The Portrait of Adele Bloch-Bauer I by Gustav Klimt

Adele Bloch Bauer et the Woman in gold 1907

The portrait of Adele Bloch-Bauer I was completed by Gustav Klimt in 1912, after painting her twice. The artist owned several works by the model Adele. After Adele’s death in 1925, the works belonged to her son Ferdinand. However, when the Nazis came to Vienna and the city was occupied, Ferdinand fled to Switzerland with his family and many of his valuable works. Unfortunately, the Nazis also stole the Klimt painting in 1941 and arrested Adele’s husband Ferdinand and he was later accused of tax evasion.

Adele Bloch-Bauer I

Although a religious icon, the portrait of Adele Bloch-Bauer has been categorized as a secular portrait. Klimt never used the same model twice. In 1903, her father Ferdinand Klimt commissioned Klimt to paint a portrait of Adele for their parents’ anniversary. However, Klimt was not without controversy. After his pornographic murals, Klimt was blacklisted from state commissions and the University of Vienna banned him from further artistic projects.

The famous artist was inspired by Adele’s romance with literature and found her to be irresistible. She studied German, English, and French literature and became a model for her husband. Although she was unhappy throughout her life, Klimt’s paintings became part of her family’s possession. After her death, Adele’s husband, Ferdinand Bloch-Bauer, donated her paintings to the Galerie Belvedere.

woman in gold

Stolen History

The portrait of Adele Bloch-Bauer was stolen by the Nazis in 1938. After many years of legal wrangling, it was returned to its rightful owner. In November 2006, the Neue Galerie in Vienna auctioned the portrait for $138 million. The painting was bought by Ronald Lauder, a billionaire who has been trying for years to acquire classic art with Jewish connections. His collection includes a number of Klimt paintings and works by other artists.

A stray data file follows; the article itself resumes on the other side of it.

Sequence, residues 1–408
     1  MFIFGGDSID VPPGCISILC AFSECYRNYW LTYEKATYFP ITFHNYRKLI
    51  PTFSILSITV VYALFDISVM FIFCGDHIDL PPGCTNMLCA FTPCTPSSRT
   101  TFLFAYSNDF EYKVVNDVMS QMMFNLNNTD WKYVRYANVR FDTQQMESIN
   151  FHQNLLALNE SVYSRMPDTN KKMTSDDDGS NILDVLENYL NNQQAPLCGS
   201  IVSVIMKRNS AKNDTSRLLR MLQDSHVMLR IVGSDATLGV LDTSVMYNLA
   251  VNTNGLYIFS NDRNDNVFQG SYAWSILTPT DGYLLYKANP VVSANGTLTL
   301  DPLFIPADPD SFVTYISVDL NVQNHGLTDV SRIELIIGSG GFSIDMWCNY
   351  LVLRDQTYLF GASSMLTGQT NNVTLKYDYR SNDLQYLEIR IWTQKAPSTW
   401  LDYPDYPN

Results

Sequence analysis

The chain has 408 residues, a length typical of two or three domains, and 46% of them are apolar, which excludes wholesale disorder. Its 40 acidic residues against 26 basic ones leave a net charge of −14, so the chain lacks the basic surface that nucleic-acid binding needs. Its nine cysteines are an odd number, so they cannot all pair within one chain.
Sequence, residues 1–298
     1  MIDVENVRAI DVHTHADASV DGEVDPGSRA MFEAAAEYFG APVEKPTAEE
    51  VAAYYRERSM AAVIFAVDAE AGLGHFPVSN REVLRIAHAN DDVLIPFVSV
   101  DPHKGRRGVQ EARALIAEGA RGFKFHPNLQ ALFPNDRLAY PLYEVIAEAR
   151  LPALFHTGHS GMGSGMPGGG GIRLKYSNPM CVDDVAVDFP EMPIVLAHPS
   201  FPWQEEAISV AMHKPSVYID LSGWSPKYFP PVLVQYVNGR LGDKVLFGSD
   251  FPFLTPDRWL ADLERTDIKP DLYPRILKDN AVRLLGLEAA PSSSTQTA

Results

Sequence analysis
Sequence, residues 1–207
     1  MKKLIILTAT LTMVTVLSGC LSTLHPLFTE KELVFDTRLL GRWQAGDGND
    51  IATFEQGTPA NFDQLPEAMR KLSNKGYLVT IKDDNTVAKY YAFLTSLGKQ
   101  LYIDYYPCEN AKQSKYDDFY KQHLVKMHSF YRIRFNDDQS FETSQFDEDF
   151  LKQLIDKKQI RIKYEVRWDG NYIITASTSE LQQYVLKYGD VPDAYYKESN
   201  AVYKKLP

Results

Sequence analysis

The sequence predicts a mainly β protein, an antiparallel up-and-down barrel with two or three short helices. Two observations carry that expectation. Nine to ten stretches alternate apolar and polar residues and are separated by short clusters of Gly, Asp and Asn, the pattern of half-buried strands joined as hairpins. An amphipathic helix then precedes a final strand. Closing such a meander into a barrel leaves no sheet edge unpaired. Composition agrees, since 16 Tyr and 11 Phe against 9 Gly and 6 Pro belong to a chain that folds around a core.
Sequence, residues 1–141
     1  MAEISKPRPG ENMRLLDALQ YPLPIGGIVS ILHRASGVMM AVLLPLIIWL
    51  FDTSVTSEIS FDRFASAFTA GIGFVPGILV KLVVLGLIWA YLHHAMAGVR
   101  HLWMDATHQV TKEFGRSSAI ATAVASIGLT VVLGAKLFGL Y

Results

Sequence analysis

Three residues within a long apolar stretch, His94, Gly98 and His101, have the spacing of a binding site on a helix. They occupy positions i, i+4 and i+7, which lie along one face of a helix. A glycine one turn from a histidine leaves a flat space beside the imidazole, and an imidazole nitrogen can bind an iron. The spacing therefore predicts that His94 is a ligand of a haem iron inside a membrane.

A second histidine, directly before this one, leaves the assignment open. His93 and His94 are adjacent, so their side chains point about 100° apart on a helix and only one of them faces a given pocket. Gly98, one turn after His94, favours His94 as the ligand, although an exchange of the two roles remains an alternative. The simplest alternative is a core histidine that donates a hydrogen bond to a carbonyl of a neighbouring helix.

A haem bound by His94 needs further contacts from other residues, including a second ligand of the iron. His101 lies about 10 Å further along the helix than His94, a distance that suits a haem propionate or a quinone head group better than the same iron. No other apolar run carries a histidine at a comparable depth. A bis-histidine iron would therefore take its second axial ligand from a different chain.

After she married Ferdinand Bloch in 1897, Klimt met Adele and painted her portraits together. Despite the fact that Klimt was famously a womanizer, Adele is believed to be Klimt’s only female subject. Klimt depicted her wearing a choker, just as he did with Judith in the Judith and Holofernes.

Paintings by Gustav Klimt of women

The Austrian artist Gustav Klimt is best known for his gilded art nouveau portraits of women. His best known works include Portrait of Adele Bloch-Bauer (1907) and The Kiss (1907). Klimt also made use of the Symbolist pastiches in his work, which celebrated the intersection between fine and decorative art. Klimt’s works are held in major collections worldwide and routinely sell for millions of dollars on the secondary market.

Unlike many of his other works, Klimt’s paintings of women aren’t based on religious icons. They feature real women. They’re often depicted in a lyrical, erotic discourse. Klimt also used his paintings of women to explore the changing roles of women during the avant-garde. Klimt’s golden women are seductive, provocative, and strong.

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